Moving electronics. the only word that comes to mind is, yikes. From damage to set up and tear down confusion, there should almost be a manual just to move them. Check out some helpful tips and hints.
Snap the Confusion: Take your camera to snap pictures of complicated wiring (computer cords, speaker wires). Be sure to use plenty of light and careful focus so the pictures will be clear. This will make hooking up the items in your new place much easier.
Double boxing: For especially fragile electronics, pack them first in a box with an excessive amount of biodegradable packing peanuts. Then pack that box in a larger box filled with biodegradable packing peanuts. This two-box system seems like a pain but seems to do a better job isolating items from jarring impacts.
Two Inches at least: Use at least 2″ of biodegradable packing peanuts around each side of fragile items.
No loose ends: Wrap each cord carefully with cable organizers, heavy twist ties or heavy rubber bands. Never throw unwrapped cords into boxes- they get tangled and caught on other items.
Label your cords: Then you’ll know exactly which cord you’re seeing and where each end connects when you put things back together.
Package it au natural: Use the original packaging when available.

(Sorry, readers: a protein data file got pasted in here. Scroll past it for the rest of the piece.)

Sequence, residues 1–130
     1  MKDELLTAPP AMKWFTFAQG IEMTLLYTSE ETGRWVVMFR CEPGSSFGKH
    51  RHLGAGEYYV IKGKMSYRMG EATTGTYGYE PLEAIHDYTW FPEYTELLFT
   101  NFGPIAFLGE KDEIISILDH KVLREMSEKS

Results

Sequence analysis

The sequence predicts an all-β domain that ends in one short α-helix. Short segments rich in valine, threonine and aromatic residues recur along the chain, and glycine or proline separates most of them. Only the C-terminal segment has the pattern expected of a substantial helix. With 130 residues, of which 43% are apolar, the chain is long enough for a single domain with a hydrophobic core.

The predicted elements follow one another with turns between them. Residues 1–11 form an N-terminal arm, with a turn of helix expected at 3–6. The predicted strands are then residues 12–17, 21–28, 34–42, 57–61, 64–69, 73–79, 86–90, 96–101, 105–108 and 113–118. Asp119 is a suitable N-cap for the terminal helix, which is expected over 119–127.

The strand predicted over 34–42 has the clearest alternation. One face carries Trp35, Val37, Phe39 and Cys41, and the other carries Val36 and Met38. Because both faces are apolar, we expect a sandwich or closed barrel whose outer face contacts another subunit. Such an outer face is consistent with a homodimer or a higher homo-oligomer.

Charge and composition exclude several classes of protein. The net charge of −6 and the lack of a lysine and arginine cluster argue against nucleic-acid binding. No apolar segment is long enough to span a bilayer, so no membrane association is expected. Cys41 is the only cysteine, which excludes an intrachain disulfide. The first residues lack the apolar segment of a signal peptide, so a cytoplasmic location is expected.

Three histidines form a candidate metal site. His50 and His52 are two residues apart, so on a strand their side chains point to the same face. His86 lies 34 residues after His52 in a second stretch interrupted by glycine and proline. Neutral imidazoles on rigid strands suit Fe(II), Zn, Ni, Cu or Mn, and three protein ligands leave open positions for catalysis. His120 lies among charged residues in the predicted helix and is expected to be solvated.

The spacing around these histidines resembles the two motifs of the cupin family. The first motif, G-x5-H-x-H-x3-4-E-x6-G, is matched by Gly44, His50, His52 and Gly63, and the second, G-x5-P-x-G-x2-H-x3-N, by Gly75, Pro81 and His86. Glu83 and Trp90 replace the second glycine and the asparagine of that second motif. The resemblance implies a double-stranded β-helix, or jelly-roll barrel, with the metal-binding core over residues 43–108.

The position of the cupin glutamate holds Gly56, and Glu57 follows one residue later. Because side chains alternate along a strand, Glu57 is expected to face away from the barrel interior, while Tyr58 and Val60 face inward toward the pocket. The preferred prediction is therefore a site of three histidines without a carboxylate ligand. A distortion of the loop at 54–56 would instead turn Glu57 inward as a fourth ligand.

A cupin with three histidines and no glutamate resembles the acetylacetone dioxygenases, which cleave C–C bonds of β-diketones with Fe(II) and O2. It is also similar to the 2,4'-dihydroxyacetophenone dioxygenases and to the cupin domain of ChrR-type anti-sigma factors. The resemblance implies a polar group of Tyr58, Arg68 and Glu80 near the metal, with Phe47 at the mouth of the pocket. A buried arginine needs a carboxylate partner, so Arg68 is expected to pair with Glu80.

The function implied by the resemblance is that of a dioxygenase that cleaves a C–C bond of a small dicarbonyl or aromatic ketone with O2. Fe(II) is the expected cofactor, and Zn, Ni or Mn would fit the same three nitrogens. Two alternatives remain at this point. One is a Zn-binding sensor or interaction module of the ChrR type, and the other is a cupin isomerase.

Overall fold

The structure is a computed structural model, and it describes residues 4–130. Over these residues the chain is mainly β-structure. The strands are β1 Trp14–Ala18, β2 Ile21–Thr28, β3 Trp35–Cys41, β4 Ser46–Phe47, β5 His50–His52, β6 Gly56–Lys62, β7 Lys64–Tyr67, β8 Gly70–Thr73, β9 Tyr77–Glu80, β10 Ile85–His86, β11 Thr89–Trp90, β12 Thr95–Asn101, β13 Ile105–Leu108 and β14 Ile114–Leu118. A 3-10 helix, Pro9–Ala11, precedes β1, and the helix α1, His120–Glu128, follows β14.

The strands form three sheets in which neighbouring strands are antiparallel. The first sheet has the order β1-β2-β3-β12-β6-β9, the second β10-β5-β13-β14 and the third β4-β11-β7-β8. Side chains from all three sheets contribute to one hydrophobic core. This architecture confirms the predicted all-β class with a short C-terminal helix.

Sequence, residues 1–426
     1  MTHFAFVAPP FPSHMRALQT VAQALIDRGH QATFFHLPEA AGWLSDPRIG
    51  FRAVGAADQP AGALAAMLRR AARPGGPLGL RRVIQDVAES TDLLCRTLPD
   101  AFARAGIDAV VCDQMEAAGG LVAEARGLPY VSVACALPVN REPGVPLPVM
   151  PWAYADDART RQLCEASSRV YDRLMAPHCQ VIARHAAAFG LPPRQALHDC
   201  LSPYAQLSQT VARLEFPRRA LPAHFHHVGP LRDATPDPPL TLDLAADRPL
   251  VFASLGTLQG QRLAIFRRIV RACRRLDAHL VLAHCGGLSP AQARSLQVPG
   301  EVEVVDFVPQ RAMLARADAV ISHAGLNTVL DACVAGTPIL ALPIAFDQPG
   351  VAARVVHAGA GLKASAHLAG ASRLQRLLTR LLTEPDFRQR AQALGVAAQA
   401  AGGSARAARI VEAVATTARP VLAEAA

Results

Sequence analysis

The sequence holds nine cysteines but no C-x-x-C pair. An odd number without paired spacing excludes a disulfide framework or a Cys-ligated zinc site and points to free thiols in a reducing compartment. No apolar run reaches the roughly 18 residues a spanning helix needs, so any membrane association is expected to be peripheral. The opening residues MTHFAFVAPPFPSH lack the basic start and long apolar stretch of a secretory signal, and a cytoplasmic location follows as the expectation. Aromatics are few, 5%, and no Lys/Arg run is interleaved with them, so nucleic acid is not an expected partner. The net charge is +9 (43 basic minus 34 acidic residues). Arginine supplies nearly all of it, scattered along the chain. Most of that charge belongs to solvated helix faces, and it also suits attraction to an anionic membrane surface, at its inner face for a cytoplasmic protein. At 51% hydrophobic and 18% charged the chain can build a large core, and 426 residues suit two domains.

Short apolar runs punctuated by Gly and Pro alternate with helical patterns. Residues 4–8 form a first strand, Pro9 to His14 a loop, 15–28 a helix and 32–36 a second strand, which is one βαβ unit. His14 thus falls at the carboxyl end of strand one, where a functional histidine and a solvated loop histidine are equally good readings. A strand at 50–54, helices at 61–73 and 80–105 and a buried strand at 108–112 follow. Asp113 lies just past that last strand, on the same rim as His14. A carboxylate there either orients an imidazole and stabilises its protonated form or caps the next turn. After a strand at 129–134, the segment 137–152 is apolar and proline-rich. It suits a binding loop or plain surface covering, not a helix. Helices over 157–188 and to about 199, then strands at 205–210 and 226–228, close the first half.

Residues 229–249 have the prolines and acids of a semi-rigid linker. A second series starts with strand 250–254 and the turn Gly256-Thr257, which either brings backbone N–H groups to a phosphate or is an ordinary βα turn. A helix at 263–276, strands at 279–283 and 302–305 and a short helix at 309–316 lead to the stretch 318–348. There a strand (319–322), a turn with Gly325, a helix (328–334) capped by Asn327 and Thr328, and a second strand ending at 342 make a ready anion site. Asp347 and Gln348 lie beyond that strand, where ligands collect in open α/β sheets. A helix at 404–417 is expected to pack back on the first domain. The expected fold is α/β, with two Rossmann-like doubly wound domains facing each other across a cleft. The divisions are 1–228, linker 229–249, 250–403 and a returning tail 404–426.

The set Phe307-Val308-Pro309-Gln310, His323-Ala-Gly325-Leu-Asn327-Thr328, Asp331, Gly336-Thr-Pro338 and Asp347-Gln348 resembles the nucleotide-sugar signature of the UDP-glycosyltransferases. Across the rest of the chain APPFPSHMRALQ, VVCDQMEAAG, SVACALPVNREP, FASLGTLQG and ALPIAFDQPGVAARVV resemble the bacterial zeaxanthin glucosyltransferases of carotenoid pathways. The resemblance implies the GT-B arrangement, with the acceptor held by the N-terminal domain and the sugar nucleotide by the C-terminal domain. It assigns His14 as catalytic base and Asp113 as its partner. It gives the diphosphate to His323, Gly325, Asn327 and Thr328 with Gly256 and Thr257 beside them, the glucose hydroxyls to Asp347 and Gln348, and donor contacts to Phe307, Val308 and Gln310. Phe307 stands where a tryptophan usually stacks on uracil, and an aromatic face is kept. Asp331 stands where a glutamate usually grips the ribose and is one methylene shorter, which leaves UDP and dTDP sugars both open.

Moving may not always be emotionally painful, but may cause unforeseen physical damage unexpectedly. There are simple ways to avoid causing injury to yourself and if you are smart to others…as you will pass this on as an act of good faith towards humankind 🙂
The first and most important factor of your move is your rented equipment. Renting proper equipment not only insures simpler more for heavier, larger items but more importantly saves your from back strain and further injury. Straps are also essential in securing boxes and items that are larger and hard to move on your own.
On that same note packing your boxes should be strategic as well. When packing for your move make sure that your boxes are no heavier than 50 pounds. This will not only help boxes from not squishing one another but again will prevent back strain in your move.
Also, check out the safety of the area that you are moving into. Inspecting your new area is a vital part of your move. It prevents you from finding things out like “oh, that walkway has a bunch of loose floorboards” or “oh, I just hang-lined myself on that tree branch on my way in”. Inspecting these things before you move your things physically in is key. Areas to inspect include: walkways, sidewalks, steps, trees, doors and any obstacle that you may encounter with a load of boxes in your hands.
Checking the place that you are moving into assures that you will arrive in one piece.